When you live in a windy place, like I do, macro photography is much harder. Even the slightest breeze can make your shot blurry.  I always try to shoot macro nature shots on a still day, and if I have a slight breeze I up how many pictures I take of an object. 

~ Finally, practice makes perfect. 

I have a dedicated macro lens now, but it took time to find it's sweet spot. I still find myself practicing to figure it out completely. To me photography is always about practice, every day I am practicing when I pick up my camera and shoot, that's half the fun of photography.

A Little Fall Still Life Photography

The good, the random, and the fun....

November is upon us, how did that happen? 

I have been foraging in the garden over the last few months and working on some still life photography. Although it is fun to have neat props, I also enjoy the challenge of finding objects in nature to use in my still life photography. 

Lisa Kerner | Simply Living Photography | Fall Still Life Photography

Prop tips...

~ Think outside of the box. I actually use the spoons above for decoration in my home. They used to be tied together with a length of string. I just snipped it and then had several different props to use. Look around your house for props, you'll be amazed what you find. 

~ When you find props in nature do not trow them away when you are done with them. Dry them and save them for a later use. 

~ Think layers with your props. Layers bring depth to your shots, and texture as well. 

Lisa Kerner | Simply Living Photography | Fall Still Life Photography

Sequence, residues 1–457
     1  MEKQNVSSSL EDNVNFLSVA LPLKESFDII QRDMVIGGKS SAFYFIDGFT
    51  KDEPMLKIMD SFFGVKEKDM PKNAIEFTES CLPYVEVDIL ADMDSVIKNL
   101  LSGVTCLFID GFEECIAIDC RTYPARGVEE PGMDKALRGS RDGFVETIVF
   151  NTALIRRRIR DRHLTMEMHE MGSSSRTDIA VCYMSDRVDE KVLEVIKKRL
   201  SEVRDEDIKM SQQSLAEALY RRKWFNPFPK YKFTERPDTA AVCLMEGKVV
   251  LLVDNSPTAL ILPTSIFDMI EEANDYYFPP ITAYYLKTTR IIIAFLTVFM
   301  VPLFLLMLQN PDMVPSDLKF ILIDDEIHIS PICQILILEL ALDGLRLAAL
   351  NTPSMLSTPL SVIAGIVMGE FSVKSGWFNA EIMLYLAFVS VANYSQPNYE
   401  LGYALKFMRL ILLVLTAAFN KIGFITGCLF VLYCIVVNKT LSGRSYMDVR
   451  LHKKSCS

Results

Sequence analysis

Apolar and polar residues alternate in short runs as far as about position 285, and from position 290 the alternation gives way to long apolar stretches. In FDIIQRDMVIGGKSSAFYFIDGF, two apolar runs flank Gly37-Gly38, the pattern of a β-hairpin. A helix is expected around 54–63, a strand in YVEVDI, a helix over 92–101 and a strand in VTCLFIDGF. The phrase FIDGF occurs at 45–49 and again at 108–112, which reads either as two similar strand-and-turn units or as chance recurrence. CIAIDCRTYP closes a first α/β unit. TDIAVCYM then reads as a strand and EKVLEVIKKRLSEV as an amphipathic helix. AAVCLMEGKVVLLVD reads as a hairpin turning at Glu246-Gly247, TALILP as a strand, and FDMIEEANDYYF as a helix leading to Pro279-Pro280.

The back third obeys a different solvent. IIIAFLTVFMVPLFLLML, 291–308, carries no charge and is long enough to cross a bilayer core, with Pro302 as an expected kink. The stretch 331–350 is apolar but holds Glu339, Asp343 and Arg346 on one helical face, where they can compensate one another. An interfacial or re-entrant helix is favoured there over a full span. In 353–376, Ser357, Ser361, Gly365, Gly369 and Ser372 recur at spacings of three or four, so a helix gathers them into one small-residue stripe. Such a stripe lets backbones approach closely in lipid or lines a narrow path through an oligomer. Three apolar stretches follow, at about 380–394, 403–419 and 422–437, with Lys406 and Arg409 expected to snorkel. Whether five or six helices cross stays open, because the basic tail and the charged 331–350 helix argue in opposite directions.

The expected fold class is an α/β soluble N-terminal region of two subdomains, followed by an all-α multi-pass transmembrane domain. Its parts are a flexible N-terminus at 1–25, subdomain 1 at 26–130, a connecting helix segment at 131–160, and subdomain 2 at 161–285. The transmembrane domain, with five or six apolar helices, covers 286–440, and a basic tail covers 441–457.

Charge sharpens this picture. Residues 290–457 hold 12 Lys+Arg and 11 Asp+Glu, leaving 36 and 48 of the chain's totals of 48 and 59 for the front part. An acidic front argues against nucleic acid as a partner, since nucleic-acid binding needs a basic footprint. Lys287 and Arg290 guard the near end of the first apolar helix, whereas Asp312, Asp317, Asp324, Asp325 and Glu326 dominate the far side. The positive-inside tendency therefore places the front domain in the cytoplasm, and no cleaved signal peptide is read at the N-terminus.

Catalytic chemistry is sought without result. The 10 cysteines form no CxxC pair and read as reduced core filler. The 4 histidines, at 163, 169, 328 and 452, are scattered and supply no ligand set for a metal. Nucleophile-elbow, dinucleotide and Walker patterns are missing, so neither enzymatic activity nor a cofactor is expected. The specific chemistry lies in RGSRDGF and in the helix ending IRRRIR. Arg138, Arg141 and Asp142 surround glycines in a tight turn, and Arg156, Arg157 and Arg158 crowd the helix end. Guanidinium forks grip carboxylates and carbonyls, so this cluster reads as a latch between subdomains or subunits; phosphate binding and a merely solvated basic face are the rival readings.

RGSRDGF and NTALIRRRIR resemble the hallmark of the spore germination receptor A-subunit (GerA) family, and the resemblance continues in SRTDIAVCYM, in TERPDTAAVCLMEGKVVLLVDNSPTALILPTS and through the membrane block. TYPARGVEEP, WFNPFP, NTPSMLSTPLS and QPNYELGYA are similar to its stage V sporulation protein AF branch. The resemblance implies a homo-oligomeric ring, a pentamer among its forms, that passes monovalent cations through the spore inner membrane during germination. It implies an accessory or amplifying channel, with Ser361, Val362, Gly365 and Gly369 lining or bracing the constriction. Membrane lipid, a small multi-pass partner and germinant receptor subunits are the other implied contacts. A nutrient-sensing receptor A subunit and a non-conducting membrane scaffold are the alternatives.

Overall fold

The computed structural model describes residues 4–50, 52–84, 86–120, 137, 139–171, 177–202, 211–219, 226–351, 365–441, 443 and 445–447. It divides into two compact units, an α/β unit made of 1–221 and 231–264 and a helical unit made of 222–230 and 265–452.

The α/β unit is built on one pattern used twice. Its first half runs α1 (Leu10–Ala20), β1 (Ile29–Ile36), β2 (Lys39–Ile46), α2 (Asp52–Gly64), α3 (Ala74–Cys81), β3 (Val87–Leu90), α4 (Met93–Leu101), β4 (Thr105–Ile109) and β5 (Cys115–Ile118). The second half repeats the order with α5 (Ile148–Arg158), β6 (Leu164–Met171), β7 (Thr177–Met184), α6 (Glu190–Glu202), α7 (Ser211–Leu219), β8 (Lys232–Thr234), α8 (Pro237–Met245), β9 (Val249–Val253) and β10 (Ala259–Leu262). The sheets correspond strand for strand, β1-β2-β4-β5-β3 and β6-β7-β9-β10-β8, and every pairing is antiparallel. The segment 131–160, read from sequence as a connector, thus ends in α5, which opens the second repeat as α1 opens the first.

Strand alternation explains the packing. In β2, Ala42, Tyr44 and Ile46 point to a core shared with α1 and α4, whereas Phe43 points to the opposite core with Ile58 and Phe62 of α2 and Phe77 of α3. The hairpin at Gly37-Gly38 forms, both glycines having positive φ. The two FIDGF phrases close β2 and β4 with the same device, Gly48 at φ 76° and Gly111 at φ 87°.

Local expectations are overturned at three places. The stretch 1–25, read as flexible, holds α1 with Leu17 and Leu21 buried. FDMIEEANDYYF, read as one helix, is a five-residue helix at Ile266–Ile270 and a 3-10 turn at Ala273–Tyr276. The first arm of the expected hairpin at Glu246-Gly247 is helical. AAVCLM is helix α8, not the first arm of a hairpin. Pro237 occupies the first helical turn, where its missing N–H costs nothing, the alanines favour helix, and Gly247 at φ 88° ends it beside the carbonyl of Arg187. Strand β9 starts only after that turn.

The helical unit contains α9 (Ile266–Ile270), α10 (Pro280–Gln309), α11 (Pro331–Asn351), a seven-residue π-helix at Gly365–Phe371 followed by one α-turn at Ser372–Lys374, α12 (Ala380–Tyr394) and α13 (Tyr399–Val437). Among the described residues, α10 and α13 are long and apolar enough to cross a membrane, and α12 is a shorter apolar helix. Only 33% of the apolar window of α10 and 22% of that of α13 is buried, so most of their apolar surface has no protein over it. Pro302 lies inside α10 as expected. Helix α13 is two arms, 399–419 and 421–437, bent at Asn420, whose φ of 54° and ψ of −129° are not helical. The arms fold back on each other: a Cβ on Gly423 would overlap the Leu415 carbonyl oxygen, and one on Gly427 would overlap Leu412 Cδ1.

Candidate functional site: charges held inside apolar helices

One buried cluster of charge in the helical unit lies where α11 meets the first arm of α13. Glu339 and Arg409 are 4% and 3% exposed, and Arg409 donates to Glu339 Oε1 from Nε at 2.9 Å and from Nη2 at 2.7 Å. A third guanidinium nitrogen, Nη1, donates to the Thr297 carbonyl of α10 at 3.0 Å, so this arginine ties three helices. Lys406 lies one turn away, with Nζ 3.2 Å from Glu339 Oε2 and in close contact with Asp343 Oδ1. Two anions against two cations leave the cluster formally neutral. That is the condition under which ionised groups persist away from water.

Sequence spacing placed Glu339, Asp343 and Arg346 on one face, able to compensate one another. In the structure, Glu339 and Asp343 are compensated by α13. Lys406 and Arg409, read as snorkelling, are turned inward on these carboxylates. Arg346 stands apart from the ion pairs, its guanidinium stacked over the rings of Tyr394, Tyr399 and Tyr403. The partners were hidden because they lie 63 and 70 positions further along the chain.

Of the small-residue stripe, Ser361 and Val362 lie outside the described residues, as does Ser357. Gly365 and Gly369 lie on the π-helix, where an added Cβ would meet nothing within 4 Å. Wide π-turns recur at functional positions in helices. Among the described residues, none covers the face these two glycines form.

Background tips...

~ My favorite background right now is a set of wooden slats I found at a hobby and craft store. I have thought about nailing them all together, but I like to arrange the colors of each slat according to what I am shooting. 

~ I am on the search for a neat piece of slate to use for a backdrop. Slate is really useful for food shots, just make sure when you purchase a piece it if food grade. You know, so that you can eat the yummies you are taking pictures of later. 

~ I recently had a discussion, in a still life photography group I belong to, about using old cookie sheets for backdrops. I am also on the lookout for those as well. I want ones that are nicely patinated from years of use. 

~My favorite backdrops for front on shots are white and black painters canvas boards. I found a pack of two, for 14 dollars, at a hobby store. I use clamps to hold them tightly together when I need a larger span for the background, or when I want to create a corner to shoot in. 

~ I also use foam boards, and then usually drape them with different scarves (that I picked up cheaply) and cut in half. They tend to be the perfect length without a ton of left over fabric to worry about. Plus, they are light and I usually do not need a clamp them to hold them in place. 

~ Cheesecloth is often a go-too background cloth for me. If you have a hardware store near you, check it out. Usually you can find cheesecloth for super cheap there. A hardware store is also a great place to look for tile pieces, that are on sale, that can be used for backdrops as well. 

Lisa Kerner | Simply Living Photography | Fall Still Life Photography
Lisa Kerner | Simply Living Photography | Fall Still Life Photography
Lisa Kerner | Simply Living Photography | Fall Still Life Photography

Colors of Autumn; A Final Farewell

The Random....

We are beginning to say farewell to the colors of fall in our area. Today is also the last day of our Colors of Autumn Photography Challenge. Kristy is announcing the winner of our give away today. Be sure to pop over to her site to see who won and to congratulate them. 

Lisa Kerner | Life Thru the Lens | Colors of Autumn; A Final Farewell

In my part of the world we are entering a month where thankfulness should be lingering on every second of our day. But, all too often, it is easy to entangle ourselves in the hustle and bustle of the holiday season and we forget to breath deep and contemplate our blessings. 

Lisa Kerner | Life Thru the Lens | Colors of Autumn; A Final Farewell

The Good...